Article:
If you love reading – and you clearly do, if you are reading this blog! – you’ll be drawn in immediately to Elly Griffiths‘ The Stranger Diaries. The book’s protagonist is Clare Cassidy, a divorced single mom/high school English teacher, who aspires to write a biography of (fictional) author R.M. Holland. The mystery centers around the death by stabbing of Clare’s colleague, Ella. That death, and others that follow, reflect murders recounted in Holland’s short story, “The Stranger.” In fact, Griffiths’ book opens with the beginning of that short story, in a framing device that sets the stage for the suspense that follows.
But is it a stranger who murdered Ella? Or is it, as Detective Sergeant Harbinder Kaur and her partner believe, someone much closer? There is no dearth of suspects, from Clare herself – very unlikely – to Ella’s stalkerish boss. He looks a good bet, as he has a history of obsessive behavior. A good bet, that is, until he is murdered as well.
Diaries play a prominent role in the book, not surprisingly. DS Kaur examines social media – a very public kind of diary – for clues. Clare’s daughter Georgia keeps her diary online, at a website called mysecretdiary.com, and so do her friends. Clare has kept one since childhood, filling a series of notebooks. In fact, the first clue that Clare has a connection of some kind to the murderer comes when she discovers a note in her diary. It starts “Greetings from a sincere friend…” quoting Wilkie’s Woman in White, and goes on to promise to fall upon those who work agains Clare “like a ravening beast.” The handwriting is unfamiliar. What stranger has been in her house? And how does he – or she – know Clare?
A nice subplot is Clare’s determination to unearth the facts behind the suggested suicide of Alice Avery, R.M. Holland’s wife, and the related question of the mysterious Mariana, whose presence comforted Holland following her death. Thought to be their daughter, no records or photos of Mariana exist. Hmmmmm….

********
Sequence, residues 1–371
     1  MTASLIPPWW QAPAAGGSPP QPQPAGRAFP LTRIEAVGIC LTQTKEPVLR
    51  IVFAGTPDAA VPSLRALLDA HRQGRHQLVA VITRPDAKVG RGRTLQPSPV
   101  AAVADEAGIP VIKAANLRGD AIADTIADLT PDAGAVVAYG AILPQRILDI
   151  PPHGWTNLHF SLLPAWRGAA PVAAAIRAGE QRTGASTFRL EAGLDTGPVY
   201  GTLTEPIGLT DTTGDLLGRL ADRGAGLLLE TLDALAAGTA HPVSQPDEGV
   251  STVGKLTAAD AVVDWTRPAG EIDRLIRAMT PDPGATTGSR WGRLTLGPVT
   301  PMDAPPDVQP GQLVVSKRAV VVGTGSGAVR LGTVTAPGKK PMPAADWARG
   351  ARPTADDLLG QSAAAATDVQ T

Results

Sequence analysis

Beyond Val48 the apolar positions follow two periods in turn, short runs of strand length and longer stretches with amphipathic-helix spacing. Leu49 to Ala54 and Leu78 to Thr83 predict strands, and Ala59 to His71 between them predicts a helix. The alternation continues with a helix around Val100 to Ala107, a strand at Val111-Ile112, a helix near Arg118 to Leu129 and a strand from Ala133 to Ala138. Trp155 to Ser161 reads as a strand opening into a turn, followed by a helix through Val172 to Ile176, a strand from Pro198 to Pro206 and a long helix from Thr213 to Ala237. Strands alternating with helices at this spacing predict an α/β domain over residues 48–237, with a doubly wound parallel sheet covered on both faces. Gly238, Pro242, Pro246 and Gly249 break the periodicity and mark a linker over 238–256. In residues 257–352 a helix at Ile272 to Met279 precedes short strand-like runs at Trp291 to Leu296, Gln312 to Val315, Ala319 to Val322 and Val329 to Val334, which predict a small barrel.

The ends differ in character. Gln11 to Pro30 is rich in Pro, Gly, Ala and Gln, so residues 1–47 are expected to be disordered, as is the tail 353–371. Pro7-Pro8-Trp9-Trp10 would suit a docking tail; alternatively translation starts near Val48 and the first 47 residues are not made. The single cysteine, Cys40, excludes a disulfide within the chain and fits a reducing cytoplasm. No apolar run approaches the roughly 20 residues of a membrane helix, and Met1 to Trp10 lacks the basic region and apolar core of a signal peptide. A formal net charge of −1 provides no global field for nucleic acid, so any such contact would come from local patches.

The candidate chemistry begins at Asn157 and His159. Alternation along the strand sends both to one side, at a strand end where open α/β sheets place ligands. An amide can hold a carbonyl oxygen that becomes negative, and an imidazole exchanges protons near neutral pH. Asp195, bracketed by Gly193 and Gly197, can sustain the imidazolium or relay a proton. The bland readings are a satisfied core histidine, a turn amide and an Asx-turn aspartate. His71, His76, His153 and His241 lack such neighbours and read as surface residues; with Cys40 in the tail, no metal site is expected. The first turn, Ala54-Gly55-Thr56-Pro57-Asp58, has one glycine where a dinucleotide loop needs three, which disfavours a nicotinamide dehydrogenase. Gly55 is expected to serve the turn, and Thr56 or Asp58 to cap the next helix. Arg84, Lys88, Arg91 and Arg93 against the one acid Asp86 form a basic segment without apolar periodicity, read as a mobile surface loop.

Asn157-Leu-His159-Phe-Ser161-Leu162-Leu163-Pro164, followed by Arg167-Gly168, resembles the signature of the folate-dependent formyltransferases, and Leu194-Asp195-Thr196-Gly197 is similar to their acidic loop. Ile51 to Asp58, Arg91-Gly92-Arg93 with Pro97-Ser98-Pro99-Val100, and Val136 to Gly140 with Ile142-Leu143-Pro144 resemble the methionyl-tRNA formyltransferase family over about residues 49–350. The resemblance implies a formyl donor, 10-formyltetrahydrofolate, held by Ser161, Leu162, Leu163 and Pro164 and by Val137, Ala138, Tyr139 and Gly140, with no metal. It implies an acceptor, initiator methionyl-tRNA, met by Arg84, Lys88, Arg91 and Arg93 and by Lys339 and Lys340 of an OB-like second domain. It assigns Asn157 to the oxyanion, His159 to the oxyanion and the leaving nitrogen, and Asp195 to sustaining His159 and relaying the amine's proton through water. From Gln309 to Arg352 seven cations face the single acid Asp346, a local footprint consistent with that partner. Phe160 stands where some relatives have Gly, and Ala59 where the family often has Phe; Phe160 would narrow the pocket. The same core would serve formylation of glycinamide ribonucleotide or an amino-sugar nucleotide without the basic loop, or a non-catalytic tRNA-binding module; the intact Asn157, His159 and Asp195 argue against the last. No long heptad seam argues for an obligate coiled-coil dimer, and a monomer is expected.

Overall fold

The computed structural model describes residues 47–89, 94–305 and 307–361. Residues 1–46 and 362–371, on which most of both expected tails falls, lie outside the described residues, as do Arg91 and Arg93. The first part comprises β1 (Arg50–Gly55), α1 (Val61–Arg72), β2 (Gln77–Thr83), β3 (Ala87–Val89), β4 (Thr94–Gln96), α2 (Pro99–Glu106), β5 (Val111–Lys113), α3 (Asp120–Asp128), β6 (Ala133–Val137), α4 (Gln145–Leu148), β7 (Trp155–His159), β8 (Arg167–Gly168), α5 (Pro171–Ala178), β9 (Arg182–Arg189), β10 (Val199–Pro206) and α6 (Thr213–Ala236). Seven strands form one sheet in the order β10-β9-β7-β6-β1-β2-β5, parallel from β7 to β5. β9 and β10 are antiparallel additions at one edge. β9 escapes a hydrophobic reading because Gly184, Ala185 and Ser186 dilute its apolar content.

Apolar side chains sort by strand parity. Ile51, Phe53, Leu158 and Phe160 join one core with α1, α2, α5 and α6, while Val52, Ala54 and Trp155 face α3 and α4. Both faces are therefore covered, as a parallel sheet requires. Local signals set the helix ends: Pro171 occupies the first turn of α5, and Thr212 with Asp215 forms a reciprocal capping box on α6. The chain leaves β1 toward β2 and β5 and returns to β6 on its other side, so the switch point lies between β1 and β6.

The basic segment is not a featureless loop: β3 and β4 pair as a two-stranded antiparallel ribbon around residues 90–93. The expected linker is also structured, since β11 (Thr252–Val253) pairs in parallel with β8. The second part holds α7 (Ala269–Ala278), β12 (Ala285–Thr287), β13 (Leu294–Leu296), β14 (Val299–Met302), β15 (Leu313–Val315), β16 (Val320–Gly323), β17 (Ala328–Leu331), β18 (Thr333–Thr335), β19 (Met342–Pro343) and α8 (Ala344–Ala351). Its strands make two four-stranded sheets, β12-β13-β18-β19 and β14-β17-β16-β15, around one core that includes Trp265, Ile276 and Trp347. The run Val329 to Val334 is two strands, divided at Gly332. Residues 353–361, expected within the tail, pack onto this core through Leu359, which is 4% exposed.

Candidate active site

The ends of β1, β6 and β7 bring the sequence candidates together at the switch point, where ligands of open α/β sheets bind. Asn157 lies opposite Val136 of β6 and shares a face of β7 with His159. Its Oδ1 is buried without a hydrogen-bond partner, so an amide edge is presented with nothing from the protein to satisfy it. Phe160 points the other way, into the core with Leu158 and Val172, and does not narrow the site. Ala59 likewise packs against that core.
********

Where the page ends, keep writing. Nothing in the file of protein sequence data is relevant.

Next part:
Griffiths writes in first person from three different perspectives: Clare, DS Kaur, and daughter Georgie. It works well, and I was struck by how the same scene is recounted differently by each of the three, giving the reader greater insight into the characters. Showing the three women independently also highlights how little people really know about one another.
Suspects are presented and discarded throughout the book, the body count mounts and tension ramps up, and soon after DS Kaur encourages Clare and Georgie to leave town for their safety, the plot takes thriller-ish as the unknown bad guy follows the pair while the cops race to get there in time to stop more mayhem. You think you know who it is… you don’t! In a smaller and also satisfying conclusion, the Mariana mystery is also solved.
Here’s my take on The Stranger Diaries: Griffiths is a good writer. The three-POVs works very well. Her characters are interesting and believable. The literary references and creative writing scenarios add a lot of fun (for me). The gothic aspects (hauntings, historical memorabilia, etc.) are atmospheric and heighten the drama. The violence is not gratuitous. One quibble is that boss Rick Lewis really get off quite lightly from the #metoo perspective (although he does get murdered, so perhaps that is punishment enough). A more meaningful concern is that the real perpetrator is masked by the way he is presented from Georgie’s point of view, and it is hard to believe that he could fool her so completely.
So, where does The Stranger Diaries rank? Definitely below Robotham’s masterful Good Girl, Bad Girl, but I’m going to place it above The River. While not as lyrical as Heller, Griffiths’ writing is very effective with its multiple viewpoints and the inclusion of the original short story “by” R.M. Holland.
Side note… there is a wealth of Elly Griffiths books available, including at least one other that features Harbinder Kaur. I’m there.
Literary Lunchbox Rankings: Mystery Writers of America Edgar Award, Best Novel